And the same applies to Ramadi, capital of Anbar province, roughly 110 km west of Bahgdad, which the U.S. did not “lose” because it never had. While ISIS/ISIL/Daesh gloated about their victory with megaphones at all the major mosques, the Pentagon was spinning this “is a fluid and contested battlefield”, and insisted on “supporting (the Iraqis) with air power.”
Cue to gleaming Toyota convoys of Caliphate goons laughing their Kalashnikovs off while they make their mark on the “fluid and contested battlefield.” The Pentagon may “support” anything they want with “air power,” but bombing won’t disrupt the fluidity. The Pentagon has run out of targets. ISIS/ISIL/Daesh are not sitting ducks; they are an asymmetrical guerrilla very apt at redeploying in a flash.
ISIS/ISIL/Daesh invested in a lot of strategic planning to take Ramadi. The symbolism is far-reaching; a major defeat not only for Baghdad but also for the “leading from behind” Empire of Chaos, even though a clueless Barack Obama insists “we are not losing” the fight against the Caliphate.
Iraqi Prime Minister Haydar al-Abadi is finally starting to get the picture. He met with leaders of key Shi’ite militias — who will have to do the heavy lifting crossing the Euphrates and trying to retake Ramadi before the Caliphate goons decide to advance towards holy Karbala, which holds the tomb of Imam Hussein, the martyred grandson of Prophet Muhammad. It’s a race against time because ISIS/ISIL/Daesh may also try to control nearby Iraqi military bases and weapons depots.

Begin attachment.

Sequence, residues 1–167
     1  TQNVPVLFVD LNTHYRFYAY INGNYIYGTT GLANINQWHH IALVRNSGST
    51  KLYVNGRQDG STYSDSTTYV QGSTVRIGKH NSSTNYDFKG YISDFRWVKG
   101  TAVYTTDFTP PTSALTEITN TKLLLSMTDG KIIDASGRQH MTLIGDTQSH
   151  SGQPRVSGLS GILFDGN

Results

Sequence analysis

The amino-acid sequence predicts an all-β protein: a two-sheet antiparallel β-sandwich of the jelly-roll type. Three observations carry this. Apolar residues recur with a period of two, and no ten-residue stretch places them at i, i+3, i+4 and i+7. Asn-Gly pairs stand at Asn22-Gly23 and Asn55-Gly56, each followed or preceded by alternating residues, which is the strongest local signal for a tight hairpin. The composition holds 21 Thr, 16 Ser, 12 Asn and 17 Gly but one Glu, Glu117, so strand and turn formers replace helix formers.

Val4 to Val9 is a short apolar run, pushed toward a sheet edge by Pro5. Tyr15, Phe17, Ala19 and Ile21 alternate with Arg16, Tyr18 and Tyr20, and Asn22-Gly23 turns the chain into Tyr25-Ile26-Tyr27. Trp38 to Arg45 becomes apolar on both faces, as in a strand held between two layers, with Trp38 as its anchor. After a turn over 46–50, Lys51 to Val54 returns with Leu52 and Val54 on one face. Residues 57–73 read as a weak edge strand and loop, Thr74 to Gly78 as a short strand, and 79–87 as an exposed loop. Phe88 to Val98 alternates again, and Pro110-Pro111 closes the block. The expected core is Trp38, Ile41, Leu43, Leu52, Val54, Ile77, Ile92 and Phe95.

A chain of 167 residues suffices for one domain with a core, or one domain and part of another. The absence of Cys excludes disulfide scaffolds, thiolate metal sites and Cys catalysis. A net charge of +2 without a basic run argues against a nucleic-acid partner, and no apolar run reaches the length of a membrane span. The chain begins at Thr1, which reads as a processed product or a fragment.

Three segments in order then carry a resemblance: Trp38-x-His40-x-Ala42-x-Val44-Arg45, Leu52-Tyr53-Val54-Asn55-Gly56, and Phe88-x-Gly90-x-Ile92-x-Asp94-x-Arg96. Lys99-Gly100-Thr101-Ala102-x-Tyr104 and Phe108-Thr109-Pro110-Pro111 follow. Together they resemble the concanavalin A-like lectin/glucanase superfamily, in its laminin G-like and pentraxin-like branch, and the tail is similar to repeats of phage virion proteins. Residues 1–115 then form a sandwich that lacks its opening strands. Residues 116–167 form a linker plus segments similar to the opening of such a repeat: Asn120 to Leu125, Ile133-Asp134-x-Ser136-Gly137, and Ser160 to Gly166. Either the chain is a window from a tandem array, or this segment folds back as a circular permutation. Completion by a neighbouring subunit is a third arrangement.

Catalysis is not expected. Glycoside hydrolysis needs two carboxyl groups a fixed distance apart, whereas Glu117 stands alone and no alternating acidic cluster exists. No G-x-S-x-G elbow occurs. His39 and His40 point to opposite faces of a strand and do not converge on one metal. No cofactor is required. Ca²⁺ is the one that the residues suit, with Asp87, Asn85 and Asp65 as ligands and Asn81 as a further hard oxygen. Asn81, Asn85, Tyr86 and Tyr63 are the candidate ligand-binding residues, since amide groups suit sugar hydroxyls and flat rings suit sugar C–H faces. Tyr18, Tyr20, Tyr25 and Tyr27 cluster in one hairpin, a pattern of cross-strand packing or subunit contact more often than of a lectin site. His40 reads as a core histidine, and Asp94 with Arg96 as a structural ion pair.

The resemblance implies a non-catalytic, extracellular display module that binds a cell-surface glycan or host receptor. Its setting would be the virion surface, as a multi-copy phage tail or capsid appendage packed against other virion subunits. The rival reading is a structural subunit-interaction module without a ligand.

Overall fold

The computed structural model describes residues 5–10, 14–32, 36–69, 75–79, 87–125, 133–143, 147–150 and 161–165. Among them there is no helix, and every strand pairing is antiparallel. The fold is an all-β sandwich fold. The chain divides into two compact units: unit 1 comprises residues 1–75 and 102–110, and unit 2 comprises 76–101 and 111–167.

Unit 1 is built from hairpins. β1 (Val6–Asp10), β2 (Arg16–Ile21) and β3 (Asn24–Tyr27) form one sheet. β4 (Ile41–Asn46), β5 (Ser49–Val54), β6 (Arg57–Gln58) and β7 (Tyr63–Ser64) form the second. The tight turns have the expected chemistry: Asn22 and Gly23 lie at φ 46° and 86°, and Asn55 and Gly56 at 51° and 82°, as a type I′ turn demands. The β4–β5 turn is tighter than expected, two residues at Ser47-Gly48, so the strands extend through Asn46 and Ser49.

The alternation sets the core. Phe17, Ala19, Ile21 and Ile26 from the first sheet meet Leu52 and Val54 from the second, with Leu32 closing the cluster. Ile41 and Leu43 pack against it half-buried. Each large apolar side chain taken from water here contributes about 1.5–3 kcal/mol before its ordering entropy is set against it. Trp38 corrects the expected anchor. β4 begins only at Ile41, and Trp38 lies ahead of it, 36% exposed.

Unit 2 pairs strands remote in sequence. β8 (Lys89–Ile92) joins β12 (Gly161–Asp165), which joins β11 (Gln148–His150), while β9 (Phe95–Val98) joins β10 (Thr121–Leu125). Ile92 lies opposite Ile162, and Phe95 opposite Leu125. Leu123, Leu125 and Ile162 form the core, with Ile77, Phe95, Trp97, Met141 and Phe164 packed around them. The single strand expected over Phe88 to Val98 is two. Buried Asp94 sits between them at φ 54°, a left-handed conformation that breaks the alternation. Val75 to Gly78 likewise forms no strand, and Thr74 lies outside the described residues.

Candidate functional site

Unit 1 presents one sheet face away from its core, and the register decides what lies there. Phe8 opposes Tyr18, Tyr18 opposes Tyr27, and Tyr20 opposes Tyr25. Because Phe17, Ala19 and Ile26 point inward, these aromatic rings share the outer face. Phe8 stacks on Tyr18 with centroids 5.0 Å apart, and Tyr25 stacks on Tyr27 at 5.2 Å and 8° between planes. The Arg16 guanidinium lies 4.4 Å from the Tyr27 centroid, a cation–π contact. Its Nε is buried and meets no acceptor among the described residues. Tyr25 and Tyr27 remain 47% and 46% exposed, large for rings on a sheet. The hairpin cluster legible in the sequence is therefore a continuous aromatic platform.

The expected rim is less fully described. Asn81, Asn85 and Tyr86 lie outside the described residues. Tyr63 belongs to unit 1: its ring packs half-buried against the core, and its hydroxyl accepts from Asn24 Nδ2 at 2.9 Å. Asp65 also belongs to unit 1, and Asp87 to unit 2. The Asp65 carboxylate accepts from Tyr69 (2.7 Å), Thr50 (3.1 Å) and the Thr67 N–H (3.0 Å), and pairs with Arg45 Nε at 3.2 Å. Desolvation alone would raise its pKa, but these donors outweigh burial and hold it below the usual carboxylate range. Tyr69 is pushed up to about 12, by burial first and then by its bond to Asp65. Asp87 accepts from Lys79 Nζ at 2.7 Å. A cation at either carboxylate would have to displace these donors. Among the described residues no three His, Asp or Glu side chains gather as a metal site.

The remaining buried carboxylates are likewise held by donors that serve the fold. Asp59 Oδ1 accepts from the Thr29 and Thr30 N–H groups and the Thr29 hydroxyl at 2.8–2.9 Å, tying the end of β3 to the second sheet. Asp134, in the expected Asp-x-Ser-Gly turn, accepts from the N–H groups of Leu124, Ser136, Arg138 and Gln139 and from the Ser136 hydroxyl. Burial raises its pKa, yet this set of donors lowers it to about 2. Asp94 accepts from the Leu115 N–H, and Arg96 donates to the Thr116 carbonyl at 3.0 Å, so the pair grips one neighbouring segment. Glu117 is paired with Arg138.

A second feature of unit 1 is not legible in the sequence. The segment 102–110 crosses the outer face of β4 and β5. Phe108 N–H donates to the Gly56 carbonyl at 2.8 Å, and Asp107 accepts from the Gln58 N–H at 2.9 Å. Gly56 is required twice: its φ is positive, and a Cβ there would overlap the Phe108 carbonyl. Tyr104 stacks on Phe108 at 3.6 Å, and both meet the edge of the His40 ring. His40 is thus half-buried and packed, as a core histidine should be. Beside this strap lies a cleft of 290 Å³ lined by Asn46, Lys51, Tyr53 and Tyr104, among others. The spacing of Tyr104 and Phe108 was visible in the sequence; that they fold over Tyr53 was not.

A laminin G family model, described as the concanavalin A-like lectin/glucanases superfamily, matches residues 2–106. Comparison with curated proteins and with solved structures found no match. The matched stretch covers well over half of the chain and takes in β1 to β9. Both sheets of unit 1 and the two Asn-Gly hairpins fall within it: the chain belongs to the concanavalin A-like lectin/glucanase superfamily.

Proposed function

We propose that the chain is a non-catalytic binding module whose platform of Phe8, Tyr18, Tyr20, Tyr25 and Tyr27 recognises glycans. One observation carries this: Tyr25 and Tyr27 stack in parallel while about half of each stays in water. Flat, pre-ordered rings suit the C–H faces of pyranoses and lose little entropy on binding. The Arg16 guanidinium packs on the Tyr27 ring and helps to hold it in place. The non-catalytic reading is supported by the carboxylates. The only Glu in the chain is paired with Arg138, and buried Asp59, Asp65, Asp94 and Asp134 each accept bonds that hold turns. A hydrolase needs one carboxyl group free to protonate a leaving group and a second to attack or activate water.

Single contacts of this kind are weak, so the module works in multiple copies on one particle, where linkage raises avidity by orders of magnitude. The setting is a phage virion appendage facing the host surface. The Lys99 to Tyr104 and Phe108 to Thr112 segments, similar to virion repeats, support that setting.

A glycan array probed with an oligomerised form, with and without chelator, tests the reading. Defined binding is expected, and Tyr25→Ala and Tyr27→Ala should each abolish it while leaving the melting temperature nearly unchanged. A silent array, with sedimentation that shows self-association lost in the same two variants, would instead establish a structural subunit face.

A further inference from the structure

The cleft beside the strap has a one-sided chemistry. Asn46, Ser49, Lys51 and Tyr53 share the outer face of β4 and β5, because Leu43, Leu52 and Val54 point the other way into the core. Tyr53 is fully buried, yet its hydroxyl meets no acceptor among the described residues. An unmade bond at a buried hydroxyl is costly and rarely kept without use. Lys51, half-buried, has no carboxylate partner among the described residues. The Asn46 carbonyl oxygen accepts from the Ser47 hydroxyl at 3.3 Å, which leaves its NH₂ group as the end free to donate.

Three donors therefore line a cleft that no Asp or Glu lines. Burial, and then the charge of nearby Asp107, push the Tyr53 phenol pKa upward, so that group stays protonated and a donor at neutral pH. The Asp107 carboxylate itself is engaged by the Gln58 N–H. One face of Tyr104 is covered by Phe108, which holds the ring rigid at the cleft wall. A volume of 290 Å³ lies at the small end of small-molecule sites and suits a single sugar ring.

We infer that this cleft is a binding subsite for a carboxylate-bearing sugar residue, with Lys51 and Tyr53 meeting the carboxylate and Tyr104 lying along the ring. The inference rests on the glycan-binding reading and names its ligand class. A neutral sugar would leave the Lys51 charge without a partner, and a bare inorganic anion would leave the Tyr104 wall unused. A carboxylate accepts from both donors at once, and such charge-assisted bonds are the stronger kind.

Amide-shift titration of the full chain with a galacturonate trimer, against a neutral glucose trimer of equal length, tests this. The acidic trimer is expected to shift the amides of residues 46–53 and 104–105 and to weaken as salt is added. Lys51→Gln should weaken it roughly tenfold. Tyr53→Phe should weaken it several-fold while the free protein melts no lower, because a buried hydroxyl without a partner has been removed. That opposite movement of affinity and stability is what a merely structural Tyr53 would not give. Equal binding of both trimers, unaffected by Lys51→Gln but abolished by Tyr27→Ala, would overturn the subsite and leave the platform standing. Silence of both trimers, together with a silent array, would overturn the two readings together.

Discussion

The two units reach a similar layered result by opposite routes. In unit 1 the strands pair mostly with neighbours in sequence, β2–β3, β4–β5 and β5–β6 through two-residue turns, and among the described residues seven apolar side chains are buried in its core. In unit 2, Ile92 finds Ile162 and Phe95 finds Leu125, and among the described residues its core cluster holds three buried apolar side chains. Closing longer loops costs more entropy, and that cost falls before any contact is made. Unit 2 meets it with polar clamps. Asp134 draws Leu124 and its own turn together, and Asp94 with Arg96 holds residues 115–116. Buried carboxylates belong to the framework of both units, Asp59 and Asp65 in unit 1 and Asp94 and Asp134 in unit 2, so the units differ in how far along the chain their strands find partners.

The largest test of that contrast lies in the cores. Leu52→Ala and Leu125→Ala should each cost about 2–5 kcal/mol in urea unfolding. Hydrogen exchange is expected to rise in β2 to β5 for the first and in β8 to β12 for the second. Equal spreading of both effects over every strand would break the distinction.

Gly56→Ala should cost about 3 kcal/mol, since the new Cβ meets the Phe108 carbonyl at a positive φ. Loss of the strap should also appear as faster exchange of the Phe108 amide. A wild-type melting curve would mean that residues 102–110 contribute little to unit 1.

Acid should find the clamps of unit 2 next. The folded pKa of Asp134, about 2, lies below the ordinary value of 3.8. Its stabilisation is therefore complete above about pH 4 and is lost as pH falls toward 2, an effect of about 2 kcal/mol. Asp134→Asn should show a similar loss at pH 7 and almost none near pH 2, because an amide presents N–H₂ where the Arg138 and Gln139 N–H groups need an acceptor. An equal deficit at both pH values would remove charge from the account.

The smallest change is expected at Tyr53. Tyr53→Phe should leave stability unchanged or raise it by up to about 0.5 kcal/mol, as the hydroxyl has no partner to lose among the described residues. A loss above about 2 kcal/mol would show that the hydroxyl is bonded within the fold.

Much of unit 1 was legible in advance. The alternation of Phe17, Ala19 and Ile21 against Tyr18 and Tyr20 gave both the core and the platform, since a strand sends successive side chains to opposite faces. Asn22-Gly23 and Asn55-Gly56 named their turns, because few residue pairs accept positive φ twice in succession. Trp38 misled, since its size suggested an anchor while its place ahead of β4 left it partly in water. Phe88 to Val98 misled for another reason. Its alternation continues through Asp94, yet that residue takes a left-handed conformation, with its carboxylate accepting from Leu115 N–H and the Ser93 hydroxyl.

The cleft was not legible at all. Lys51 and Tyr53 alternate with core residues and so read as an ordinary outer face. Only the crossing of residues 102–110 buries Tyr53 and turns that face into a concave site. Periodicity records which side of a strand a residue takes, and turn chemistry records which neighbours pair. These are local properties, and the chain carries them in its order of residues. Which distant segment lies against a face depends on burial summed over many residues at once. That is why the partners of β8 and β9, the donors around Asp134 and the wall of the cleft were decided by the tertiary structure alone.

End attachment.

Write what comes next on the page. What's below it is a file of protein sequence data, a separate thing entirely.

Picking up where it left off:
As for Sunni tribal sheikhs around Ramadi willing to fight the Caliphate, they were — and remain — fuming because they never received promised weaponry from Baghdad. Besides, no one knows why the Iraqi Army on site did not get air support; helicopter gunships would have turned scores of Caliphate goons into minced meat.
Al-Abadi finally acted by removing his early ban for the Shi’ite militias to operate in hardcore Sunni Anbar province; they did that in the first place obeying a command by revered Ayatollah Sistani.
Meanwhile, the head of the Badr Corps and overall commander of the Shi’ite militas, Hadi al-Ameri, is sure that taking back Ramadi is easier than campaigning north of Baghdad in Salahuddin province — where the militias, alongside the Iraqi Army, recaptured Tikrit and Beiji from ISIS/ISIL/Daesh. In both cases, Empire of Chaos bombing played a minimal role.
Al-Abadi also met with Iranian defense minister, Brig. Gen. Husain Dehqan, in Baghdad; he stressed both Iran and Iraq are fighting (Sunni) terrorist extremism; and crucially, he said, “we do not support the war on Yemen,” which puts Baghdad in direct conflict with Riyadh.
It gets even better; al-Abadi has gone to Moscow, where he hopes to get plenty of support — and weapons. After all, ISIS/ISIL/Daesh is crammed with Chechens. Moscow wants the Caliphate smashed; as it thrives, there is a direct threat of a jihadi renewal in Chechnya.
So now the stage is set for the Battle of Ramadi — remixed; Shi’ite militias plus Sunni tribals, the odd American adviser, and discreet help from Iran and Russia, against Caliphate goons, many of them mercenaries, lavishly supported by assorted wealthy Wahhabis in Saudi Arabia and across the Gulf. As far as the Empire of Chaos goes, Divide and Rule remains the sweetest game in town.